When I published the first part of the Social Public Relations research report last week I didn't anticipate the reaction and response it received. The research was based on a survey that dug into client satisfaction and desires for social PR campaigns. A handful of interesting takeaways from the response:
- Many agencies who did not make the list and those who fared negatively seemed surprised
- Some agencies aren't grokking that having a social network presence for their own brands does not necessarily dictate good social programs for clients
- Clients increasingly want social PR elements included in their traditional PR programs
- Many agencies -- those both on the negative and positive side of the spectrum -- are ready to take action to improve client satisfaction
- However, some agencies are hitting some walls with their clients in trying to do so
If this report showed anything, it's that the disconnect between agencies and clients is huge. From my conversations with some of these agencies after the fact, it was clear that many wanted more information in order to spring into some sort of action. From my questions with some internal decision-makers, they want more information on why exactly some agencies were rated at the top versus others that didn't make the report, and so on.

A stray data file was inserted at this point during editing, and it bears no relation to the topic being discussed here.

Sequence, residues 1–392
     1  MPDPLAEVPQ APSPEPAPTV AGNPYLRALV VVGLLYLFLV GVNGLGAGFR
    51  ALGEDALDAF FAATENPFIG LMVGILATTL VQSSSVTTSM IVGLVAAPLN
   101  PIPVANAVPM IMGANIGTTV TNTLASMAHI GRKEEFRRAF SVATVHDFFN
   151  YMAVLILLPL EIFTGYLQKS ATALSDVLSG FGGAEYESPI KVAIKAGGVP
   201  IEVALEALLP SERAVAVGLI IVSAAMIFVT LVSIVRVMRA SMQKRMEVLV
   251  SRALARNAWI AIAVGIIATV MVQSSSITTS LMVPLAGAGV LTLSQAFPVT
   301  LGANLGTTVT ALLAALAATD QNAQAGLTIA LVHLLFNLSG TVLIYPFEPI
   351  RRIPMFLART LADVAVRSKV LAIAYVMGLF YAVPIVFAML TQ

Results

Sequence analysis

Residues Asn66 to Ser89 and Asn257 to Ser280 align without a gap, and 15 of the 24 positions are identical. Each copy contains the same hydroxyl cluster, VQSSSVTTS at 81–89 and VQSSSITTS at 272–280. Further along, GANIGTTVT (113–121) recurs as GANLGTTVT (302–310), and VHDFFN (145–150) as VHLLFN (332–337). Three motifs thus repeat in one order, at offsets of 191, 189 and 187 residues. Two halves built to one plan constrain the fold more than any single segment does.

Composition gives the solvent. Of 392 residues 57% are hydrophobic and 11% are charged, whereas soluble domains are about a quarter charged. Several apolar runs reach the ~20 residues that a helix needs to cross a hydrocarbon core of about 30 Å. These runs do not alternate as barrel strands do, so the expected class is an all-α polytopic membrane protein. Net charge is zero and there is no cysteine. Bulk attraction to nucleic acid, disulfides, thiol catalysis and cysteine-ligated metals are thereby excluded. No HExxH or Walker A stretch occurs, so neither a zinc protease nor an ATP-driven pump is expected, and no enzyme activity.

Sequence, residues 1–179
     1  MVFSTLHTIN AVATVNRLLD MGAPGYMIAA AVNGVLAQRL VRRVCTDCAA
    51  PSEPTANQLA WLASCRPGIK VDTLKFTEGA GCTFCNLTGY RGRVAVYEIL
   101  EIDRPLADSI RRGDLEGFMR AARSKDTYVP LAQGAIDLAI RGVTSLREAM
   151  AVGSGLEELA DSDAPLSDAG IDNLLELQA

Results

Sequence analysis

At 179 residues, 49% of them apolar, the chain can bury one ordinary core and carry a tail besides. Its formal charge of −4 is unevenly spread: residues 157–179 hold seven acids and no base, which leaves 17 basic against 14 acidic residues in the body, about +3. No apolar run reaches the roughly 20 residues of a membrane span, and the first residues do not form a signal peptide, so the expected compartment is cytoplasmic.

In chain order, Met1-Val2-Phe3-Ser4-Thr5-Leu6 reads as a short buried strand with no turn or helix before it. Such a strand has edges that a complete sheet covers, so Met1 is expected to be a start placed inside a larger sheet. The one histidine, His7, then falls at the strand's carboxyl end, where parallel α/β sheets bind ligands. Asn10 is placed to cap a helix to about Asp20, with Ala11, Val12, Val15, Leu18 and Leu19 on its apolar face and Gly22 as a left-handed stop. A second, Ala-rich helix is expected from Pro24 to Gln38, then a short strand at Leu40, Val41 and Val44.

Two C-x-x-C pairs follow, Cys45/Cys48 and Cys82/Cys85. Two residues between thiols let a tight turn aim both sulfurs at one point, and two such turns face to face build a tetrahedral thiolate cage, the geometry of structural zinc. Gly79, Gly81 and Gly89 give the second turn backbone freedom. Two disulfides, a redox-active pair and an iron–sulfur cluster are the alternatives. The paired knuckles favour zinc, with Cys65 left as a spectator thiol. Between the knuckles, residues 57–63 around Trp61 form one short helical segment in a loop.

I've teamed with Nicole Jordan, with whom I've been talking for months about the current state of PR, to develop a second survey that, with hope, will provide a lot more insight and detailed answers for both agencies and clients. This survey will try to discover the strongest agencies -- and even consultants -- in terms of people training, business understanding and social media prowess, measured against the results of the first survey. The last one was designed for internal marketing folks. This one is designed for PR agency representatives.
The purpose? Now that agencies have a better idea of what clients are looking for it's time to show clients what the agencies are actually doing, which specific programs are being requested, how strong the breadth of the agencies are, and so forth.
Additional suggestions that came in circled around exploring social media beyond PR in an organization, such as support, internal communications, technology development, etc. To that I say, absolutely, but it's important to show both sides of this PR story and develop some action plans before closing it out and moving on to something more. While Nicole and I think the first report was helpful to some degree, we've only scratched the surface.
Take the Social PR Survey - Part II.
Read Nicole's take on why we're doing this survey -- and why agencies need not squirm.